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The role of frictional costs for insurance pricing and insurer default risk

  • Schlütter, Sebastian
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    This paper analyzes how capital-related frictional costs (e.g., corporate or personal taxes) influence insurers' optimal pricing and safety level decisions. Frictional costs are modeled with an innovative generic approach that is compatible with many realistic forms of taxation. I show that in perfect competition, the insurer will always add the actual value of frictional costs to the premium; however, in imperfect competition, the insurer may overcharge or undercharge for frictional costs to achieve the shareholder-valuemaximizing combination of equity and premium income. Policymakers can enhance welfare by implementing appropriate tax and subsidy schemes that make insurance more affordable and also lower insurers' restraints to hold sufficient equity levels.

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    File URL: http://econstor.eu/bitstream/10419/64130/1/719843863.pdf
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    Paper provided by International Center for Insurance Regulation (ICIR), Goethe University Frankfurt in its series ICIR Working Paper Series with number 07/11.

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    Date of creation: 2011
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    Handle: RePEc:zbw:icirwp:0711
    Contact details of provider: Postal: Campus Westend, Grüneburgplatz 1, D-60323 Frankfurt am Main
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    1. Kenneth A. Froot, 2001. "The Market for Catastrophe Risk: A Clinical Examination," NBER Working Papers 8110, National Bureau of Economic Research, Inc.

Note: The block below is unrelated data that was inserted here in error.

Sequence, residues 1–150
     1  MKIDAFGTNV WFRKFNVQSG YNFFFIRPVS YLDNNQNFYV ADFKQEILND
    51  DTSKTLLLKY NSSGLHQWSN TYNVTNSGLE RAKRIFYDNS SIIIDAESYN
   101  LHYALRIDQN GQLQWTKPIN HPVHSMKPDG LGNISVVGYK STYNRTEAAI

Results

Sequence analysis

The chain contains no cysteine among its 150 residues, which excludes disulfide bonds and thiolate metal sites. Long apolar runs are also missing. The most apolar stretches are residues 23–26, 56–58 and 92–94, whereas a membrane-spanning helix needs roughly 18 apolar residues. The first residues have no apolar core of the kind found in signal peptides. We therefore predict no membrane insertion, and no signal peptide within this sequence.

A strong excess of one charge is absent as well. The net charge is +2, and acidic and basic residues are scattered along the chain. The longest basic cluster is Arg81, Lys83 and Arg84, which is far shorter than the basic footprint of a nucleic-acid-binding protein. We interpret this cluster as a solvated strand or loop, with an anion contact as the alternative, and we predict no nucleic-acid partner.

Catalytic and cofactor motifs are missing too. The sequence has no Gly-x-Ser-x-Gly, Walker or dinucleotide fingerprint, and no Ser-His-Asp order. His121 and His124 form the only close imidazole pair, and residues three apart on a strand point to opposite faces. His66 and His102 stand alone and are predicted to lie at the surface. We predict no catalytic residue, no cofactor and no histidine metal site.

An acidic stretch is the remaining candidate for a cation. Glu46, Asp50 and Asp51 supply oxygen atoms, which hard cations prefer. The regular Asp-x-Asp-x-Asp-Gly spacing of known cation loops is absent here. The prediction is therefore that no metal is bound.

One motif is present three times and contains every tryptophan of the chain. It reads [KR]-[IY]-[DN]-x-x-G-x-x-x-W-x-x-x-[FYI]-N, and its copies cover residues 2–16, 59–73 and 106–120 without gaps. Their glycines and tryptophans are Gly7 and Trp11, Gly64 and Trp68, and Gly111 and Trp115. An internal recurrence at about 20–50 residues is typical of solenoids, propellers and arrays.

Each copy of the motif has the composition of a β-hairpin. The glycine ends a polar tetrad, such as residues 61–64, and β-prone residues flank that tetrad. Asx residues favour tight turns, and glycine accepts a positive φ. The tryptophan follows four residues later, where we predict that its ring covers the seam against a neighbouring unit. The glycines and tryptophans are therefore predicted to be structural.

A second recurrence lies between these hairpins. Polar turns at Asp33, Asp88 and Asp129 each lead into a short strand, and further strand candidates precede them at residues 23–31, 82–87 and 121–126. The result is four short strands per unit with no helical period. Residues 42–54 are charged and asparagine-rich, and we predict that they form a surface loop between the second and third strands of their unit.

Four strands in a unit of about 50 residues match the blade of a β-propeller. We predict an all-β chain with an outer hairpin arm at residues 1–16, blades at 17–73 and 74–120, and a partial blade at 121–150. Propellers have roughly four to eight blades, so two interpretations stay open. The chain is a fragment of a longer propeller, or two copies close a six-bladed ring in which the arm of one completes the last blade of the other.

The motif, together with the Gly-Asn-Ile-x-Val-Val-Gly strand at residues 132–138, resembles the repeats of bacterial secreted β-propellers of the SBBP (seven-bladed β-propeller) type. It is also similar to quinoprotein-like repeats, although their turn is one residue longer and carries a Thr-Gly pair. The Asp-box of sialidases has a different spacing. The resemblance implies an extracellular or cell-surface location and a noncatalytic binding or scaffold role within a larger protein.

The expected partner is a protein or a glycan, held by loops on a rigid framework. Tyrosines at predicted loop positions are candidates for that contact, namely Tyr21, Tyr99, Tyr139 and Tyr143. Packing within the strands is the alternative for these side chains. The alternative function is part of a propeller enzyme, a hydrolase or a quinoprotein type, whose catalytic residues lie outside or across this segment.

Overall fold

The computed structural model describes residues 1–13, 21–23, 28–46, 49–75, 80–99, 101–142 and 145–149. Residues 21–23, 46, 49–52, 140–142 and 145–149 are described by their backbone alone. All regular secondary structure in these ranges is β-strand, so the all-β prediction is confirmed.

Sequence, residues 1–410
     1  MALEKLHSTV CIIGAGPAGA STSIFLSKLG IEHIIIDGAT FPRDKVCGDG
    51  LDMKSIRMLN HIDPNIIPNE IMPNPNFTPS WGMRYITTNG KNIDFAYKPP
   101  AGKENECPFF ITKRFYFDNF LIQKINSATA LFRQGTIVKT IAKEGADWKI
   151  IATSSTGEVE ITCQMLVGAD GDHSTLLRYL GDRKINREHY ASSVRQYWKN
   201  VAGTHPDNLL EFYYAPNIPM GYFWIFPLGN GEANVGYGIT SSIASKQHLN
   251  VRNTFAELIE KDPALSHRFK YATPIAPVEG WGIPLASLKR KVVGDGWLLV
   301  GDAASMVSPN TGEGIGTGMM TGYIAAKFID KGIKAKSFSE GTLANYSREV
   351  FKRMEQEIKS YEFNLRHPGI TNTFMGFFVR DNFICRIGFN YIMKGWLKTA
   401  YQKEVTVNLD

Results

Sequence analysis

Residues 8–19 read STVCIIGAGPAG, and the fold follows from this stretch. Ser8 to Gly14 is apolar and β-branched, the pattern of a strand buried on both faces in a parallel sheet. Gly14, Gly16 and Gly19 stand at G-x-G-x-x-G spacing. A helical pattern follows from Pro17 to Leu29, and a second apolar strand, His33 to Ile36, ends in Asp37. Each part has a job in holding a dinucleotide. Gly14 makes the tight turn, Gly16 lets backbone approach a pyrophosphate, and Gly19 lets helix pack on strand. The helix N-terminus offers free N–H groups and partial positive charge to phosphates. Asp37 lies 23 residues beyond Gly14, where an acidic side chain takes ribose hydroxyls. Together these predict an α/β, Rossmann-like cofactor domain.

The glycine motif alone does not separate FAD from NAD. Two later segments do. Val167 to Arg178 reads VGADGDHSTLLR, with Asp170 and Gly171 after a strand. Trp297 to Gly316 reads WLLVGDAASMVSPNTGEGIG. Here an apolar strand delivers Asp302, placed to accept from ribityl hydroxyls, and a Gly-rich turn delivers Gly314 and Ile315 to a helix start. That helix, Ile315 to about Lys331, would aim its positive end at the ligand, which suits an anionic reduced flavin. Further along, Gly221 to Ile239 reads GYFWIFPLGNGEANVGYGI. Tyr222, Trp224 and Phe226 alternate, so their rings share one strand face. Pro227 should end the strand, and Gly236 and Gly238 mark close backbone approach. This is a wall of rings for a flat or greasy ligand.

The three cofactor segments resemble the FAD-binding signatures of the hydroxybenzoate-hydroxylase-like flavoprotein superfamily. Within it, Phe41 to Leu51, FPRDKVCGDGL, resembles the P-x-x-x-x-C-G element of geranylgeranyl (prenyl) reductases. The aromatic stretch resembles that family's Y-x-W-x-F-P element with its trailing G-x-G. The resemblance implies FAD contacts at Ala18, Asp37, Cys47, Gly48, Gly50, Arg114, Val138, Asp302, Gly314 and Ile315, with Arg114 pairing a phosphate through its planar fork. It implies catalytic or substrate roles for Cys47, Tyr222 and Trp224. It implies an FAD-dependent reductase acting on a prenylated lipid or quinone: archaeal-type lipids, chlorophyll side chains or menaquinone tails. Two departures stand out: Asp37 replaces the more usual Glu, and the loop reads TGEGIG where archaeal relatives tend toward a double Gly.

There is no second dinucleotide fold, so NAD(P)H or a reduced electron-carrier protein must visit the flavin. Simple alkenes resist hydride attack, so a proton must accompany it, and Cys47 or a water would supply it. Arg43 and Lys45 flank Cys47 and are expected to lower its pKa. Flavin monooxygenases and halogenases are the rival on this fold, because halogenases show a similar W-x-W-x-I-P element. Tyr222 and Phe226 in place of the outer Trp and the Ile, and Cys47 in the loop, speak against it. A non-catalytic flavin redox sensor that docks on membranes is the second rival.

2. Froot, Kenneth A. & O'Connell, Paul G.J., 2008. "On the pricing of intermediated risks: Theory and application to catastrophe reinsurance," Journal of Banking & Finance, Elsevier, vol. 32(1), pages 69-85, January.
    3. Hsuan-Chi Chen & Jay R. Ritter, 2000. "The Seven Percent Solution," Journal of Finance, American Finance Association, vol. 55(3), pages 1105-1131, 06.
    4. Garven, J. R. & H. Louberge, . "Reinsurance, Taxes and Efficiency: A Contingent Claims Model of Insurance Market Equilibrium," Working Papers 010, Risk and Insurance Archive.
    5. Kenneth A. Froot, 2003. "Risk Management, Capital Budgeting and Capital Structure Policy for Insurers and Reinsurers," NBER Working Papers 10184, National Bureau of Economic Research, Inc.
    6. Harrington, Scott E. & Niehaus, Greg, 2003. "Capital, corporate income taxes, and catastrophe insurance," Journal of Financial Intermediation, Elsevier, vol. 12(4), pages 365-389, October.
    7. Helmut Gründl & Hato Schmeiser, 2007. "Capital Allocation for Insurance Companies-What Good IS IT?," Journal of Risk & Insurance, The American Risk and Insurance Association, vol. 74(2), pages 301-317.
    8. Miller, Merton H, 1977. "Debt and Taxes," Journal of Finance, American Finance Association, vol. 32(2), pages 261-75, May.
    9. Lisa Grazzini, 2006. "A Note on Ad Valorem and Per Unit Taxation in an Oligopoly Model," Journal of Economics, Springer, vol. 89(1), pages 59-74, October.
    10. Gatzert, Nadine & Schmeiser, Hato, 2008. "Combining fair pricing and capital requirements for non-life insurance companies," Journal of Banking & Finance, Elsevier, vol. 32(12), pages 2589-2596, December.
    11. Skeath, Susan E. & Trandel, Gregory A., 1994. "A Pareto comparison of ad valorem and unit taxes in noncompetitive environments," Journal of Public Economics, Elsevier, vol. 53(1), pages 53-71, January.
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